Despite the efforts to increase the number of bits with the previous frequency-domain and hybrid chipless-RFID systems, the reported tags do not exhibit the data capacity of chiped tags. Another approach, based on time domain, was recently reported by the authors [50,51]. Within this approach, tags consist of a chain of identical resonant elements etched or printed on a dielectric substrate. The presence or absence of resonant elements at predefined and equidistant positions determines the logic state ‘1’ or ‘0’, and the number of bits is only limited by the area occupied by the tag, since the spectral bandwidth is virtually null in these tags. Therefore, high data capacity can be achieved with this novel time-domain chipless-RFID systems. Nevertheless, in order to reduce the space occupied by the tags as much as possible, it is important to optimize the data density per surface (DPS), accommodating the largest possible number of resonant elements in a certain area.

In [50,51], the resonant elements are S-shaped split ring resonators S-SRRs. Tag reading proceeds sequentially through tag motion, by transversally displacing the tag over a coplanar waveguide transmission line fed by a harmonic signal tuned to the resonance frequency of the S-SRRs. By this means, the transmission coefficient of the line is modulated through near-field coupling between the line and the resonant elements. That is, each time an S-SRRs is aligned with the line axis, line-to-resonator coupling is maximized and the transmission coefficient is consequently minimized. This variable coupling, dictated by the presence or absence of resonant elements in the chain as the tag is displaced, effectively modulates the amplitude of the feeding (carrier) signal at the output port of the line, and the identification (ID) code is contained in the envelope function of the amplitude modulated (AM) signal. By using a simple envelope detector, the tag ID can thus be inferred. Figure 1 illustrates the working principle of this time-domain chipless RFID system based on near-field coupling.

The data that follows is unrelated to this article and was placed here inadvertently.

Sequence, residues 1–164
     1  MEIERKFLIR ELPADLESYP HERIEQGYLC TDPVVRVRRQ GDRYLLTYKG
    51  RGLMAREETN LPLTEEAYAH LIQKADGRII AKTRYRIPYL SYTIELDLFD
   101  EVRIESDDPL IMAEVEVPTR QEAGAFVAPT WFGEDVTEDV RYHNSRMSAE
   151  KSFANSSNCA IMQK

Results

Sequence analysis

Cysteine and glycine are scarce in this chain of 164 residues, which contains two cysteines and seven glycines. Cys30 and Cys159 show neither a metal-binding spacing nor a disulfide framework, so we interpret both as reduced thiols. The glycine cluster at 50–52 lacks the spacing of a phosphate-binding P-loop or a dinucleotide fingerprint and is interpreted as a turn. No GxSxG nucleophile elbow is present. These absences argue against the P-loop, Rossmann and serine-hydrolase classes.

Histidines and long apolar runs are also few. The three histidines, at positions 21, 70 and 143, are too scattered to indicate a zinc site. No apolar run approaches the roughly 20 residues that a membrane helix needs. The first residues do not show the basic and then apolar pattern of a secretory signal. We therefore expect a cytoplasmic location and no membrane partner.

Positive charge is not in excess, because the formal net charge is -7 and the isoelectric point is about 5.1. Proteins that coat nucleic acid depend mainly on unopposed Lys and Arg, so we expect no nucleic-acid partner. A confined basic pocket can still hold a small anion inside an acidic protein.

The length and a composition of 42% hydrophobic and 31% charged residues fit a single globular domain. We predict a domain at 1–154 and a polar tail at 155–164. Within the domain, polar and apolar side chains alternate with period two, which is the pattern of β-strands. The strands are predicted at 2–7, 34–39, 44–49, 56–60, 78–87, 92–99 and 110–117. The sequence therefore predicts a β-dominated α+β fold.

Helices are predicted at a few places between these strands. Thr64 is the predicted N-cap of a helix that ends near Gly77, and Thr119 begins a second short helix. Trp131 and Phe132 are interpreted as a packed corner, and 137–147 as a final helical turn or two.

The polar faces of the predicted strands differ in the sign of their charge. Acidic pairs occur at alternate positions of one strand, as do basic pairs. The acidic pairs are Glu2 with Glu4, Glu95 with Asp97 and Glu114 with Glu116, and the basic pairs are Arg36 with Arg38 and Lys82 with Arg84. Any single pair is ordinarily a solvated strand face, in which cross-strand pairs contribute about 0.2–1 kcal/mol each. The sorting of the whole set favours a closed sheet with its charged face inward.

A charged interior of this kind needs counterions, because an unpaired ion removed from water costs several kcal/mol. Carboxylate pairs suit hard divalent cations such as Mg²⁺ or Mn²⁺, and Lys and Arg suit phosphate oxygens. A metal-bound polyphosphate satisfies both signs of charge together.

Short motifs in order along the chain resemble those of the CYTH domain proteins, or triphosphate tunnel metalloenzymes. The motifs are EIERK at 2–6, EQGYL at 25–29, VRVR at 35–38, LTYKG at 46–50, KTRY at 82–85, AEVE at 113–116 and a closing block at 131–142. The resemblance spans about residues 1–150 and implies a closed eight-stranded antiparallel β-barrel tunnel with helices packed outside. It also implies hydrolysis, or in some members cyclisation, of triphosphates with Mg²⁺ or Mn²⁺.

In [51], 40-bit tags, occupying an area of 5.34 cm2 and a chain length of 14 cm, were demonstrated. In this paper, we have doubled the number of bits, without significantly increasing the tag length (the critical dimension) by using a double-chain of resonant elements. The strategy to implement the double chain and the necessary modifications of the CPW transmission line (reader) are reported in this paper. The proposed system is validated by reading several fabricated tags with our experimental setup, and the ID code is obtained by visualizing the envelope function in an oscilloscope.